DR: In terms of the idea of the collage, is there already other material that will become part of it, or are there other modules that already exist? What is the starting point for the choreographic work with your co-choreographers?
FC: I certainly have my own ideas of how I'd like to start. I'm going to work with each dancer individually and with two of the dancers together, as a pair. But I'm not married to my ideas. If those dancers want to take these ideas and go off on a tangent, or take them, try them, throw them away, if they're not working, try something else, then we're open to all of that.
DR: You've mentioned that you noticed a kind of corporality in the pieces. You were paying attention to the bodies and movements of the musicians. Is that something you were also thinking about when you were watching videos of the pieces?
FC: It's very slippery. It depends on a lot of things. If I have just eaten, or not, when I'm watching it, different things stand out. And if I’ve just watched something on TV that still casts a shadow in my mind, that could be influencing it.
RS: But isn't that the case for any artistic experience? What each of us brings to the listening or the watching experience is always completely unique. It is still hard to define exactly what we're doing. There's something very fragile about the whole process. We're working with solos and duos, and you could say we're working with a collage of soliloquies, or we're working with a collage of individuals who are sharing the same common visual, acoustic and architectural space. This is a complex network of dialogues. And each solo is in a way almost singing its own song.
FC: I like the word soliloquy ...
RS: Finding ways in which these soliloquies can coexist and interact with each other, creating a dialogue between them and developing a structural format, is an exciting challenge. The music itself has a strong physicality. And what attracted me very much to working with Frances is the enormous physicality of her choreographic work. I hope the physicality, both in music and in dance, will be extremely present for the audience.
DR: I'm not sure if you agree, but to my mind the performance videos all had a certain intimacy or intimate quality. Perhaps because most of them are solos. Does that correspond with what you were just talking about? Is that maybe also a quality that you want to work with in the performance situation?
FC: It's tricky to say, because I immediately think about the first space that we're meant to produce this for, which is this Philharmonie in Essen. It is a beautiful, very impressive space, but there's such a distance between the viewer and the action. It will be a challenge to establish a physically intimate connection between the audience and the performer in any case.
RS: I know the space. It has an excellent acoustic. The hall is made of wood, and despite the fact that it is very large and has a certain nakedness in a formal classical concert environment, it is extremely warm. We have already discussed bringing our own lighting environment, so we can create a performance concept which adapts easily and quickly to different performance situations. This portable lighting system, which Lea Letzel will be designing, also enables us to create a more intimate environment.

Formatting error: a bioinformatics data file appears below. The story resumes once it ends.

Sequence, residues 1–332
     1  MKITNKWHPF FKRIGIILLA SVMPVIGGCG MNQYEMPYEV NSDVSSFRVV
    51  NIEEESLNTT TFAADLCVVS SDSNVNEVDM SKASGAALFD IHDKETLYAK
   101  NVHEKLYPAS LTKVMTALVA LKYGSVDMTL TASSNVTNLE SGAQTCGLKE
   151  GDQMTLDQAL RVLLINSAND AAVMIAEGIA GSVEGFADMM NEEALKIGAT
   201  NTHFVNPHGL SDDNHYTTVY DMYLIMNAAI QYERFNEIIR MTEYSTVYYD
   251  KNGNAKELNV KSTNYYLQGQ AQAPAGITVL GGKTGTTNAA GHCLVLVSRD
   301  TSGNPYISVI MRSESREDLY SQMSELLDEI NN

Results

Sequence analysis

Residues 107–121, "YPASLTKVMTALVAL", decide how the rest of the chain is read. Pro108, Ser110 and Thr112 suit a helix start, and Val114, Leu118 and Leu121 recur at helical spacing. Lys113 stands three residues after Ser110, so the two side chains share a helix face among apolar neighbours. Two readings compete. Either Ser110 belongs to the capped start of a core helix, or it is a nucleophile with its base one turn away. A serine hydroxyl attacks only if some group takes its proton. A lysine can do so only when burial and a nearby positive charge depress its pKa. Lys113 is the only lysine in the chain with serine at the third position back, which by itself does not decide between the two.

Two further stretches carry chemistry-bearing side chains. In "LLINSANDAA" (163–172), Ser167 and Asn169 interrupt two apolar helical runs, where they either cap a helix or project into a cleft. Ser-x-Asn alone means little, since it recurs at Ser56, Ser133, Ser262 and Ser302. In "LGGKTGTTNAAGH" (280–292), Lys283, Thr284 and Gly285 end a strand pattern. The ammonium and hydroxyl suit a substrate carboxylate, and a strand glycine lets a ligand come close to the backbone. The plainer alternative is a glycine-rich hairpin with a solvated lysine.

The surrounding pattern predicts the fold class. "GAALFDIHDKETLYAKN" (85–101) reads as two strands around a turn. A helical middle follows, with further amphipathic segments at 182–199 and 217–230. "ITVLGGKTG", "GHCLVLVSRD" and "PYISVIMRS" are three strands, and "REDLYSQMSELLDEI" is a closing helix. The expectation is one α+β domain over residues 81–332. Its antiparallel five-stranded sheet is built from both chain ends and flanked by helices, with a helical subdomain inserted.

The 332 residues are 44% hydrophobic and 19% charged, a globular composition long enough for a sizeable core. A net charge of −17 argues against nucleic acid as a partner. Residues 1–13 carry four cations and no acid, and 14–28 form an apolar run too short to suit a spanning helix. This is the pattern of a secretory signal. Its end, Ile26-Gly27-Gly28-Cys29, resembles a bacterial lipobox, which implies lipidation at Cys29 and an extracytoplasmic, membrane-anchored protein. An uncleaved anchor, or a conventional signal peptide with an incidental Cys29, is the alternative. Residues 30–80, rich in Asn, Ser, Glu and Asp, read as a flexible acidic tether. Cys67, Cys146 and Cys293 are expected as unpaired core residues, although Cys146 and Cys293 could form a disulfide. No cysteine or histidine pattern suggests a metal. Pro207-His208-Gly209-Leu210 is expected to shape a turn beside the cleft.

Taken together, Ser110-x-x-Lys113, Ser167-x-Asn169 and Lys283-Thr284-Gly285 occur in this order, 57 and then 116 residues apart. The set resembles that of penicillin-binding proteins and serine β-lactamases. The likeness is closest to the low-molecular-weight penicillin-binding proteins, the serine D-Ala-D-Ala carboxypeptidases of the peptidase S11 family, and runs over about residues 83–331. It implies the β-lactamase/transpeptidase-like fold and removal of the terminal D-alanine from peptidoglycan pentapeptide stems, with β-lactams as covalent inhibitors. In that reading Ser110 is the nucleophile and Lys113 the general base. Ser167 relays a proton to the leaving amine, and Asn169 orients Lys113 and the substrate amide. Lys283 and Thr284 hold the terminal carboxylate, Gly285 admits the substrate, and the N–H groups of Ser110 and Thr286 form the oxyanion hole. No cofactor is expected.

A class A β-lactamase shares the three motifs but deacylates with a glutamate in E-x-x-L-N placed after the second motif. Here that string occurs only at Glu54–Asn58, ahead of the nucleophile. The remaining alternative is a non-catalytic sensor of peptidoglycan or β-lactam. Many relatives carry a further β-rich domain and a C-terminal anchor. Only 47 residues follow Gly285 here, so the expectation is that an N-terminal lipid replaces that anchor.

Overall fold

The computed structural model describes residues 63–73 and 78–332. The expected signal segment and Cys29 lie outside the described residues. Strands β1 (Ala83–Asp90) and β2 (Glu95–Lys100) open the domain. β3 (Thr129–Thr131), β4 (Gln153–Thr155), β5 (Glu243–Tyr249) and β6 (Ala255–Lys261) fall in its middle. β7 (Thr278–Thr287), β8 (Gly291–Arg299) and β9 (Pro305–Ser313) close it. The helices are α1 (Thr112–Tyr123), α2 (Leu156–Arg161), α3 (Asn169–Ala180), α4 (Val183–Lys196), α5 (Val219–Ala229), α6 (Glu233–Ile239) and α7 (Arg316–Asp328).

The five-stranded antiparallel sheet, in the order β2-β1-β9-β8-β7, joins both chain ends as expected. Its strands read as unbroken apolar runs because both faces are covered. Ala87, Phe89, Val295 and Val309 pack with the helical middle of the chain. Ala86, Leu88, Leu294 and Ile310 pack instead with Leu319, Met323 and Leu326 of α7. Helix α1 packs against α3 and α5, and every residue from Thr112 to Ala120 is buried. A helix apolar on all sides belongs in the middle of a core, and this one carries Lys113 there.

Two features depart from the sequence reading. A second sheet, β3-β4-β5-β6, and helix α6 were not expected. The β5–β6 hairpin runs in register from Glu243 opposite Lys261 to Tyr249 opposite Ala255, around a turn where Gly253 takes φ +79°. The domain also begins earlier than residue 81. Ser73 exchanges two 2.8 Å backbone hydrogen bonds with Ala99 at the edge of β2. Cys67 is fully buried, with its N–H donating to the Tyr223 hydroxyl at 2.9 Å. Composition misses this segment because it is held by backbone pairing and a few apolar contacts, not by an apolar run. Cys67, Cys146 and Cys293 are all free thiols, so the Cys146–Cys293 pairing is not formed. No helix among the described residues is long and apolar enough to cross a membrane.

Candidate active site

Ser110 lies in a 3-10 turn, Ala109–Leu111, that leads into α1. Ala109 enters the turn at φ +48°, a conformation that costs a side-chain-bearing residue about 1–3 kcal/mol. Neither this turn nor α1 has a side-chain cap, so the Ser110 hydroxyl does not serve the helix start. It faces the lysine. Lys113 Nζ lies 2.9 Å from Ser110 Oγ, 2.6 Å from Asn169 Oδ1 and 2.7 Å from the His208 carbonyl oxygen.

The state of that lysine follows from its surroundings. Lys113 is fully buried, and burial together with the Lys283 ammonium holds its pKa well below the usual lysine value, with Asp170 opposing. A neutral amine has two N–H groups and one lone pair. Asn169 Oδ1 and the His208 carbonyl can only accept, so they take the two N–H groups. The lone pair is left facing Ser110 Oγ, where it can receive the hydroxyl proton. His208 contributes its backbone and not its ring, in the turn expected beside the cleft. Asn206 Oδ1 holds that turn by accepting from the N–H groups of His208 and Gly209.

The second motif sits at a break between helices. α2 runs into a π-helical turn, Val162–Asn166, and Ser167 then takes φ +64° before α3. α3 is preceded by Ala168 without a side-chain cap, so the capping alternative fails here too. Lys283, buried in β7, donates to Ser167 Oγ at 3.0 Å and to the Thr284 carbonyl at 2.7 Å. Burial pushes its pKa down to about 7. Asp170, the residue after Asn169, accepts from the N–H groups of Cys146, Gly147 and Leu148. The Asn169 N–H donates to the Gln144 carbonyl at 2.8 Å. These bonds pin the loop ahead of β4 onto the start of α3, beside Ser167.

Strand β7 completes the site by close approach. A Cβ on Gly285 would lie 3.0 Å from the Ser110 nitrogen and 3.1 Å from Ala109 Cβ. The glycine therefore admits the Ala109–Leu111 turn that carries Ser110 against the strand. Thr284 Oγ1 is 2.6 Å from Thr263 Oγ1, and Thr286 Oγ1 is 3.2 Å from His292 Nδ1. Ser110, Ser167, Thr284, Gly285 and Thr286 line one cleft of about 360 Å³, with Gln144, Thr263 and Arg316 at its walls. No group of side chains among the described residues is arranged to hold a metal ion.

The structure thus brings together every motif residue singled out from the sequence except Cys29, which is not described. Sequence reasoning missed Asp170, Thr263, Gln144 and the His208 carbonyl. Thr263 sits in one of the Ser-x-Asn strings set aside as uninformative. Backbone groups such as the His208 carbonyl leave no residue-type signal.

DR: You mentioned earlier a long creative session coming up in a couple of weeks. How is the current coronavirus situation influencing your work and planning?
RS: I do find it frustrating. We aren´t able to meet to develop our ideas and define the collage together. It is undeniably a very different process not working in the same space, but we are adapting. It is important not to pin down too much before we all come together for the first time in August. I will design a preparatory musical timeline, a collage, mapping the juxtapositions of the different pieces. This must give Frances as much flexibility as possible, so that when we all come together, the collage has sufficient plasticity to allow unexpected things to happen, and the collage can develop with the collaborative process.
FC: I agree. I'm attempting to do online rehearsals with the dancers, which has its positives and its negatives. They are my way of maximizing time with the dancers, because dance needs time. I'd like to have developed each dance module prior to the first live meeting in August.
DR: The title of the production is ›Hauch‹, which is also the title of a piece of music which will be part of it. Is the title mainly linked to that piece, or does it also signify an overarching idea?
RS: I think »Hauch« is a beautiful word, one which has no exact translation into English. It's a very old German word. What's particularly interesting is how it has a myriad of slightly different meanings, depending on which sense it is referring to. In English it’s a trace of a thing, a touch or a hint of a thing, a tinge, a whisper or breath of something, a shadow, an aura, a glimmer of something hidden just beneath the surface, and it also implies a touch. The word is an »Andeutung«, it implies. It's about nuance and timbre. It's one of my few German titles. I like the fragility of this word, to be honest. Although I think much of the collage will possibly not be so fragile. We will see.
DR: Now that you mention all these connotations, I can clearly associate them with some of the other pieces and with a lot of what you have just shared. Thank you both very much for this conversation.